Mike

  6. #16
    Quote Originally Posted by AlexS View Post
    Thanks for the timely and helpful response!
    *update for the posterity of people who may have the same question in the future.

    I ended up getting the 2900. As a person who had tended towards larger equipment for years, this surprised me. I was lucky enough to get to play both horns in rehearsals with Marine Band San Diego and with colleagues in the band and the 2900 is designed exceptionally well for wind band playing. I ran the opening to Holst 1 with a tuba player and, while they both played well, the 2950 sounded like it was fighting for sonic space with the tuba and the 2900 fit right in with the sound making a richer sound with a nice shimmer on top, this took both of us by surprise as we both thought the larger horn would blend better. In fact the compact sound really payed off during rehearsal. I felt like I could fit in better with whatever section I wanted, add depth to the trombone, warmth to the clarinets, darken the horns up a little, basically just be the jack of all trades that wind band euphs need to be a little easier. I feel as if i also need to remark that the high register consistency is a bonus. With some horns I feel like I have to do tricky things with my air in the higher registers and as if there's unnecessary (almost dead) weight. With the 2900, faster and higher pressure air works perfectly and there's no fight, nothing tricky at all.

    I'm sure that a fair bit of my decision also has to do with listening to the Mark Jenkins CD nonstop for months, with a large percentage of my listening being 2900 players that has steered my sound concept considerably. Both horns were lovely, and were I in a different spot in my career where I could make use of the extra depth, width, and sonic colors I could see myself getting the larger Willson, or a larger horn in general. Yet, for where I'm at now the 2900 is a solid choice and there is no shortage of exceptional players in exceptional bands playing them.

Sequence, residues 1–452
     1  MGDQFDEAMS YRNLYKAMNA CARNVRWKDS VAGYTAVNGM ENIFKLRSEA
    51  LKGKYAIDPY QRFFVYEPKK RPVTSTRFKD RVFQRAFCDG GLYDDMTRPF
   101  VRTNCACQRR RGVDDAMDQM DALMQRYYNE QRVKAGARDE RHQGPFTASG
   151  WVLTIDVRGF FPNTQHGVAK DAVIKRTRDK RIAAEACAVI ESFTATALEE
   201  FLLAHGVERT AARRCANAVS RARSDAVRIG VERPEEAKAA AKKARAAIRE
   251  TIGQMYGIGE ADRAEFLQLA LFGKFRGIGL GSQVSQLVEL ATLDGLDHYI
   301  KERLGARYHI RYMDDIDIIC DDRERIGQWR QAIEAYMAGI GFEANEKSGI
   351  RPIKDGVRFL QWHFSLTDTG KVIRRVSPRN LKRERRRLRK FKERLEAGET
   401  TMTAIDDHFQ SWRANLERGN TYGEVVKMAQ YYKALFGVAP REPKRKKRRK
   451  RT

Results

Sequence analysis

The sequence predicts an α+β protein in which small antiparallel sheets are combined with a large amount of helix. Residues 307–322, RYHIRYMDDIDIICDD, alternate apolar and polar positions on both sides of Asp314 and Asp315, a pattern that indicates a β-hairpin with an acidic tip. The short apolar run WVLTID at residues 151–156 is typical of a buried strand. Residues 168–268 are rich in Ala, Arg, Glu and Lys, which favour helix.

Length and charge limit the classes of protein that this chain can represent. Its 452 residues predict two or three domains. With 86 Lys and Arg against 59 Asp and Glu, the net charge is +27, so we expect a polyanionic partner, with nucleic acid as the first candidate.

Alex S.
    This is an amazing experience. I really came up with what's better. You have fully answered it.

    Iím doing a tube recently, I wanted to ask you the difference in the mouthpiece plays a big role? And what can you advise? I used to play clarinet using DíAddario, itís hard for me to play another instrument, everything will probably come with experience, but maybe there are simpler versions of mouthpieces for me?

  7. #17
    Join Date
    Apr 2019
    Location
    California
    Posts
    16
    Sorry for the late response(November is a very busy time in every Marine musicianís life). I would say that a mouthpiece choice could be considered more important than instrument choice. Just imagine a dent on the bell vs an indented lead pipe, or mouthpiece shank: the smaller the tube and the closer it is to the player, the larger the impact on sound, tuning, and response will be.

    As for mouthpiece suggestions, try something common that many people are successful on. For euphonium, a bach 4/5 g or schilke 51d (faxx makes cheaper versions of these as well) or Dennis Wick size 4. See if you can test out a couple at a school or music store and see what suits you. If you want tuba mouthpiece suggestions, thereís a different thread on the forum thatíll be of more help than I can be.

    Good luck and happy doubling,
    Alex S.